High hedging costs and a low yen have led Japanese life insurers to focus on domestic government bonds, although declining yields might also prompt them to seek out alternatives.
China this month overtook Europe as the world’s second-largest MMF market after the US. What does this spell for investors of these assets?
Japanese pension funds are monitoring the yen’s extreme depreciation against the US dollar while considering next moves.
With a new regulatory regime in the making, the lifers’ relatively high allocation to domestic equity will incur a higher cost, and selling off can be either boom or bust.
As interest rates have started to move, the larger Japanese life insurers consider either unhedged US investments, or aiming for the eurozone.
Chinese derivatives are creating a wealth of untapped opportunities for both domestic and foreign institutional investors.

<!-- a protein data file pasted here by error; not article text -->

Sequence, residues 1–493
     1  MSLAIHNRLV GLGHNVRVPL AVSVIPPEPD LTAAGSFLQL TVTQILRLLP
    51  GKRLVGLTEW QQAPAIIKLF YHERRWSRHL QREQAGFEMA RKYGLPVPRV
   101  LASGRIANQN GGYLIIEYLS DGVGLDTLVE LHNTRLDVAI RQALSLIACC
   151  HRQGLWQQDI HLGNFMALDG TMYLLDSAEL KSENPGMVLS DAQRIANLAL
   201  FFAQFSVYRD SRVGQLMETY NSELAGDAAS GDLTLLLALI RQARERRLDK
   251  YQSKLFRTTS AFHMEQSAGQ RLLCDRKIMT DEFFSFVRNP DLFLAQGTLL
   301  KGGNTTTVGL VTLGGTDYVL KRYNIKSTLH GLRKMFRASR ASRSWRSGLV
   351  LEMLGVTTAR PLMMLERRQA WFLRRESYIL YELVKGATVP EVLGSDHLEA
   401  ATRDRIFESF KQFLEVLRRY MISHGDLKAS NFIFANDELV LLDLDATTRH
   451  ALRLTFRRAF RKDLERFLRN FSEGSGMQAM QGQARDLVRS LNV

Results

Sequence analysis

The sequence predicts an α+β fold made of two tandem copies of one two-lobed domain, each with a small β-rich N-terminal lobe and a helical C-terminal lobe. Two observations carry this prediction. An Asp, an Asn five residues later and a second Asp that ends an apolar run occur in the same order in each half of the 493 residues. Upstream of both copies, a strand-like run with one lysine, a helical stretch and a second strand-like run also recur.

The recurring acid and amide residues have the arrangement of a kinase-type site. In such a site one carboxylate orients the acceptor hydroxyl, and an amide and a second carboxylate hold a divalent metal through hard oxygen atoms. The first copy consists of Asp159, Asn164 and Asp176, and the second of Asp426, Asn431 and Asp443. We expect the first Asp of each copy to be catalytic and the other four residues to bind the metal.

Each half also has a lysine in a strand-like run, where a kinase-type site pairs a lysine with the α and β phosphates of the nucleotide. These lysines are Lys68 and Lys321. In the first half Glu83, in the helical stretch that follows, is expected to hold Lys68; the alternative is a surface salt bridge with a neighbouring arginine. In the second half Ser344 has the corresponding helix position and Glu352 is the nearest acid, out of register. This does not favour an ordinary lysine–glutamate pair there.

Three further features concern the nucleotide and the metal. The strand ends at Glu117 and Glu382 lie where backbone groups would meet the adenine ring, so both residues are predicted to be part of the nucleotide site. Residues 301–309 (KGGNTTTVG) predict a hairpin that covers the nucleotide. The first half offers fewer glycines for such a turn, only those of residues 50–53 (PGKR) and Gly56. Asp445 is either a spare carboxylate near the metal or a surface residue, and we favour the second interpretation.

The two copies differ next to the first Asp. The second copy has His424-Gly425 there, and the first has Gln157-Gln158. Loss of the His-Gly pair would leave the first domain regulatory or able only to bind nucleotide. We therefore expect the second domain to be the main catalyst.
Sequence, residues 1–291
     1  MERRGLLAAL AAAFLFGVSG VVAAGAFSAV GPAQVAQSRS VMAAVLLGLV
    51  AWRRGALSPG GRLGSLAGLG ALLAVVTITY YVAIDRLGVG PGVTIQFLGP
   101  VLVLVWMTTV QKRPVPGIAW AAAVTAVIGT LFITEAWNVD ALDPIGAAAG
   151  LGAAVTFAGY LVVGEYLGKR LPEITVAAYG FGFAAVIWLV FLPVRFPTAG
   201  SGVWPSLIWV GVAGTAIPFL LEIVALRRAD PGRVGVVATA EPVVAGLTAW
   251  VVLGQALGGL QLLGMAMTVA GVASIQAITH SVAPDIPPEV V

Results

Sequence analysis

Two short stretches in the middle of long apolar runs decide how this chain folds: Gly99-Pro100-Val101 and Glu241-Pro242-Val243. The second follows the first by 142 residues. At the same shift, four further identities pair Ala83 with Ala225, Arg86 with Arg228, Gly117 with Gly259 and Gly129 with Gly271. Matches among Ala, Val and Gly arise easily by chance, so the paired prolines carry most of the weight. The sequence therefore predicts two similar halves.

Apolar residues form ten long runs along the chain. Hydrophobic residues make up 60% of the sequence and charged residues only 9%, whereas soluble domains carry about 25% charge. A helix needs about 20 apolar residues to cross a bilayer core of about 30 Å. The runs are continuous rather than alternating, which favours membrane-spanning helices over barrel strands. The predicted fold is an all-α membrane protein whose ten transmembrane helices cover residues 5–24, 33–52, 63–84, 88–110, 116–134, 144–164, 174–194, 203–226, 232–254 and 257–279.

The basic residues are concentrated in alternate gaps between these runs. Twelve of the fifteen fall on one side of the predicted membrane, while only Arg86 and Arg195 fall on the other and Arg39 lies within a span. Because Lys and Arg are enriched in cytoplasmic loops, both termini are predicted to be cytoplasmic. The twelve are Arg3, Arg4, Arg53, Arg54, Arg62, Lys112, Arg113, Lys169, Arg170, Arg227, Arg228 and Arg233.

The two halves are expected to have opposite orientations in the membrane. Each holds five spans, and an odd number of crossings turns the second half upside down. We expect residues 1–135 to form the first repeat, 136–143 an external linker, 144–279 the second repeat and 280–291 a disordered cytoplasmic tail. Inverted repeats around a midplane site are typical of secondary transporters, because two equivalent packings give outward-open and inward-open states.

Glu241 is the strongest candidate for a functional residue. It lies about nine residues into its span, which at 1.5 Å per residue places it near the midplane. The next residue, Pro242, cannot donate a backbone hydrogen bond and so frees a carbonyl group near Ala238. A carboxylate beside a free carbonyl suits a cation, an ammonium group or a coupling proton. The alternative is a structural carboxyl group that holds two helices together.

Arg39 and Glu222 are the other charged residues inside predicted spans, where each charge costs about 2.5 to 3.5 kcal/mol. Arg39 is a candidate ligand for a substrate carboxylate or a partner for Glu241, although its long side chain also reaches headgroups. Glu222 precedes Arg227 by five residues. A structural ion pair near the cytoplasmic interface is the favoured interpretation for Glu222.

The UK-headquartered fund manager has made the appointment as one of four ESG specialists who will operate a sustainability centre, based in Singapore.
The country insurers' offshore asset allocations will likely remain much lower than the regulatory limit of 15% this year, despite their need to locate higher levels of return.
Insurers from the country face increasing risks in the local equity market, but they may have to take them with fixed income returns set to diminish further due to a lower interest rate.
Moody’s and Fitch Ratings say that emerging market defaults are increasingly likely to hit record highs, with Asia-Pacific corporates looking particularly vulnerable.
Japanese life insurers are well-suited to weather long-term global turbulence as the coronavirus spreads, but certain investment strategies might turn sour, say rating agencies.
Korean securities companies will continue to supply domestic asset owners with new overseas alternative investments, but they are taking increasingly higher risks in the process.